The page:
As Lawrence Summers makes a splash with a new research report about China and India, I’m reminded of a chat we had in Japan in May 2007. We were in Kyoto, where the ADB was holding its annual meeting. I moderated a discussion, and Summers was asked to join us to offer his take on the next wave of Asian tiger economies.
Summers questioned whether it was wise for rich nations to be shored up financially by developing ones in Asia that could crash at any time. The crowd was aghast. Noticing how flat his views had fallen, Summers asked what I thought as a long-time Asia resident.
I said I harboured similar doubts that China and India could grow 7% or 10% forever. To buttress the point, and to lighten the mood, I told Summers of a report by Bank of America’s Joseph Quinlan titled “China’s Role as America’s Financial Sugar Daddy.” I recall us having a good laugh.
The $42 Trillion Query
Based on the findings of a November 5 report the former US Treasury secretary penned with fellow Harvard economist Lant Pritchett, Summers is still asking this question. Only now, it’s become a $42 trillion query. That represents the difference in GDP between a scenario where China and India continue heady growth until 2033 (at which point their combined output would be $56 trillion), and one where they experience a “regression to the mean” — slower growth at roughly the world average. (Their combined output would then come to somewhere between $12 trillion and $15.5 trillion.) With that $42 trillion variance, you could buy the entire US economy 2.7 times over.
Summers and Pritchett call the blind belief that Asia’s biggest economies can’t lose “Asiaphoria”. And reading through their 34-page report, it seems to me they’re asking another question that’s as tantalising as it is unscientific: are economies subject to the laws of gravity? Is it inevitable that what goes up very fast, GDP-wise, must come down?
This, essentially, is the worry about China and India: the fear that every industrialising nation crashes at some point, no matter what kind of government is at the helm or how skilled it is. “We are not arguing that one can predict with any degree of accuracy or confidence a slowdown but certainly policy makers need to be prepared for a wider range of extended slow-growth outcomes in these Asian giants than those that currently dominate the discourse,” Summers and Pritchett write. “Hitching the cart of the future global economy to the horse of Asian giants carries substantial risks.”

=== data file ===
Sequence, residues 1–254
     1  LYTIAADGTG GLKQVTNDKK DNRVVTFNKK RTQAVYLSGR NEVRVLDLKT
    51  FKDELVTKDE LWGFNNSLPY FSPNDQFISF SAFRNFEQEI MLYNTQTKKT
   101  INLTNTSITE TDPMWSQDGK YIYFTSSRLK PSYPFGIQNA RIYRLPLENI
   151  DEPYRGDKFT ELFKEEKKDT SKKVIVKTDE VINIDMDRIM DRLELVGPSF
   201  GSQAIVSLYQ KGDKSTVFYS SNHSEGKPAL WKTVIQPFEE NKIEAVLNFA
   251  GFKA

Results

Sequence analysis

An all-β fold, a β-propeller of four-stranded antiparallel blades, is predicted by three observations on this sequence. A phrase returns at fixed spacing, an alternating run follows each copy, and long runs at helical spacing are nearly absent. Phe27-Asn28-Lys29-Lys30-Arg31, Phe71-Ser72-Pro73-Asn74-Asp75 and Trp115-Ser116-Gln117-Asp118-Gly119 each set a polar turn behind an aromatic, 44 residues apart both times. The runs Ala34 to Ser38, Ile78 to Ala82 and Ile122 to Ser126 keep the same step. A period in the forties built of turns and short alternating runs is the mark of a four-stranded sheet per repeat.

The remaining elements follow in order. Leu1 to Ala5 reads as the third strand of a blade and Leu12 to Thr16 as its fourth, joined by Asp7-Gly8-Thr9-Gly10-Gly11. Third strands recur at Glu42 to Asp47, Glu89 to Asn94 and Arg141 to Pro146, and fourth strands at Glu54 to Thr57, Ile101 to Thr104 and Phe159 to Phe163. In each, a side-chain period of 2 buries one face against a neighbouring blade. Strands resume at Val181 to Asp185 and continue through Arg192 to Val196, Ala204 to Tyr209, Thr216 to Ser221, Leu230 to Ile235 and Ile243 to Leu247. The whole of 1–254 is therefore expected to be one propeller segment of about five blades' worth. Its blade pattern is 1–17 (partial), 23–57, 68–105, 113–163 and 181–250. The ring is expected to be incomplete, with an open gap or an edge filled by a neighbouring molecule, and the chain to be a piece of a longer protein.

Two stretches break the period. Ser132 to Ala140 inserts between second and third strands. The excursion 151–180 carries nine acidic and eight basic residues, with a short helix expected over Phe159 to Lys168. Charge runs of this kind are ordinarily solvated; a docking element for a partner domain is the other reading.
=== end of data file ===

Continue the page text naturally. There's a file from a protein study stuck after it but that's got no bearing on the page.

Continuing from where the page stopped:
Many will quibble with the merits of any academic exercise that supposes significant similarities between China and India. In the last five days, Xi Jinping seems to have gone from staid Communist Party apparatchik to China’s Joseph Schumpeter, lord of creative destruction. India’s economy, by stark comparison, is struggling to rid itself of the giant ball-andchain its political system has become these past 10 years.
Yet history tells us that no one beats the system forever. No economy can prevent its excesses or weaknesses — or both — from derailing growth at some point. The things China and India do have in common may prove toxic once investors begin panicking: weak institutions and legal systems that undermine investor confidence and will be out of their depth during a market meltdown; a huge gap between rich and poor that could foment social instability; ambitious local government officials and deeply entrenched vested interests that will meddle in the financial rescue process; and a dismal world economy that offers little room for the Asian giants to export their way back to health.
Sure, investors haven’t made a lot of money betting against China lately. But history is no guide for Xi and his economic team in Beijing. They face challenges their predecessors didn’t, and are making things up as they go along. “India and even more so China are into essentially historically unprecedented episodes of growth,” Summers and Pritchett conclude. “China’s super-rapid growth has already lasted three times longer than a typical episode and is the longest ever. The ends of episodes tend to see full regression to the mean, abruptly.”
If I could travel back in time to Kyoto and tell Summers that 16 months later Lehman Brothers would fail, he’d think I was nuts. The same could be true of those now in the throes of Asiaphoria. Never say never. Bloomber